We loved the story so much, we are naming them our people of the day.

Kit and Megan join us now.  First of all, congratulations. 

Why there, Kit? 

KIT CRAWFORD, PROPOSED DURING INAUGURATION:  It wasn‘t really planned.  It was just a few days beforehand actually.  And it just kind of dawned on me.  I was going to do it on Saturday, which is our seven-year anniversary.  But I was, like, why not?  It was already this really unique day and I just had to go for it.  And I did.  So I wanted to make a special day more special. 

SHUSTER:  And it was an emotional day, not just because of this, but because you‘re big Obama supporters. 


SHUSTER:  Megan, what was your reaction?  Did you immediately say yes? 

What happened?

MEGAN KILGAS, WAS PROPOSED TO DURING INAUGURATION:  Well, at first I didn‘t really believe it was happening.  We had talked about it for a while, but I didn‘t know that he had even gotten a ring or that he was planning on doing it that day.  I was kind of just in shock and disbelief. 

And then I finally realized what was going on.  I said yes.  And then just tears started pouring down my face. 

SHUSTER:  What did people around you—what were they doing? 

KILGAS:  Some were cheering.  I‘m not sure if it was for us, if they even saw what was going on.  But I know Obama had just finished the oath.  And he was preparing to give a speech.  So I‘m sure some of the cheering was for that.  But a few of our friends were there and they happened to catch the moment on camera.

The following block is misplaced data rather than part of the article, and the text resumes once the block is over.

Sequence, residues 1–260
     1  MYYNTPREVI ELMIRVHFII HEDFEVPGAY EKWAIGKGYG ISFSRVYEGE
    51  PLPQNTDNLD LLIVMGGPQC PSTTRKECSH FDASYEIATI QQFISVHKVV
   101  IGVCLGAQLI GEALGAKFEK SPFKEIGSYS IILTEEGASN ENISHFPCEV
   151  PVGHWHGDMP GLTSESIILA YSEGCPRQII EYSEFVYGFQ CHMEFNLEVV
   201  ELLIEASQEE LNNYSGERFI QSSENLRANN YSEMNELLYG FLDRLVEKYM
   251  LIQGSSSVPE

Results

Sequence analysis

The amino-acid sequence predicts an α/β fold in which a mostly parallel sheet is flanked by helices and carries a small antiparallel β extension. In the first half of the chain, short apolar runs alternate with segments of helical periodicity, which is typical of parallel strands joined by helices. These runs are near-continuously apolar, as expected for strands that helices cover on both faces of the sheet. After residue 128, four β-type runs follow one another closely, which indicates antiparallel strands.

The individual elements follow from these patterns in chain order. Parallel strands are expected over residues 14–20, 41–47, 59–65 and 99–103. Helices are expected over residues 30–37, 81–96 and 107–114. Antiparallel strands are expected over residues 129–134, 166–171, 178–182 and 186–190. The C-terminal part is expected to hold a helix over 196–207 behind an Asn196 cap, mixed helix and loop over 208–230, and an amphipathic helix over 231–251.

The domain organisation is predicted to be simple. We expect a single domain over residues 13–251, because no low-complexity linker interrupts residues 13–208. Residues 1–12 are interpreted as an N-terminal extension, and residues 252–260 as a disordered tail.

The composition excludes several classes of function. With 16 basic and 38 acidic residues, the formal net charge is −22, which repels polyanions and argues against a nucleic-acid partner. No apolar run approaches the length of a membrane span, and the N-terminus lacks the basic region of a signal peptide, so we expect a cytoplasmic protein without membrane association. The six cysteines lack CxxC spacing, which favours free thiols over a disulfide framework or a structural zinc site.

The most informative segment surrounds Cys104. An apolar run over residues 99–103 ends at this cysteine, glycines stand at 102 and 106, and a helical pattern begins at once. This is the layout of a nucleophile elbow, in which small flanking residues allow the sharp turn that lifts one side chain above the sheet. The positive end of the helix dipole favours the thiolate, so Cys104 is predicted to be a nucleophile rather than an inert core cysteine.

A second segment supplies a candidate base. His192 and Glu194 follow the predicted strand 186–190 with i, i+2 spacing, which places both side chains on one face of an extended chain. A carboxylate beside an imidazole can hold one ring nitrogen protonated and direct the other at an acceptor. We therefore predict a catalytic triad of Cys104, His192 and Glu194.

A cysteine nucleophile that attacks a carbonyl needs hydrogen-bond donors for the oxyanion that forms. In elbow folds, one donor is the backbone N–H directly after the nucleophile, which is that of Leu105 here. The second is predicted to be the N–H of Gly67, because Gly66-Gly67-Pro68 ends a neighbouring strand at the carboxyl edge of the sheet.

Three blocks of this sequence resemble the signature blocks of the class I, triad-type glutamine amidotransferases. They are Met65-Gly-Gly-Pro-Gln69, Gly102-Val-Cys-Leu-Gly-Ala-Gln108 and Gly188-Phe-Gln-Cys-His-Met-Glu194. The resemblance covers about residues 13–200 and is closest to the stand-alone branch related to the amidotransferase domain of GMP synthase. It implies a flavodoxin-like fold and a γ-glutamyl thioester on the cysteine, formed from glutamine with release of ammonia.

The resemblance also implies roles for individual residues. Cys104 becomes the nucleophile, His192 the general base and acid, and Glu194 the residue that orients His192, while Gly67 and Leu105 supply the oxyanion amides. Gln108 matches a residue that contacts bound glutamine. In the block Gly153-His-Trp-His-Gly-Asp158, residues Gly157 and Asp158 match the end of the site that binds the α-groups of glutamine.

SHUSTER:  And, Kit, were you nervous? 

CRAWFORD:  I was real nervous.  I didn‘t—I wasn‘t sure—I mean, we had been standing there in the cold for hours and I was kind of pondering over in my head how to go about it and when to do it.  And I needed the culmination of the whole event, I suppose.  So I thought right after the oath would be the best time.  So I whispered to a few of my friends how it was going to go down, and it did right after he was sworn in. 

SHUSTER:  Well, Kit and Megan, congratulations.  A wonderful love story.  You‘ll always remember it.  Thank you so much for sharing it.  Congratulations and good luck. 

That is the view from 1600 PENNSYLVANIA AVENUE tonight.  I‘m David Shuster.  Thank you for watching.  We will see you back here tomorrow night, same time, 6:00 p.m. Eastern on MSNBC.  Remember, you can get the latest political news and a sneak peek of what‘s coming up on the show sent straight to your inbox.  Also, a little information on my proposal, 1600 Daily Briefing.  Go to 

I‘m David Shuster.  “HARDBALL” With Chris Matthews starts right now.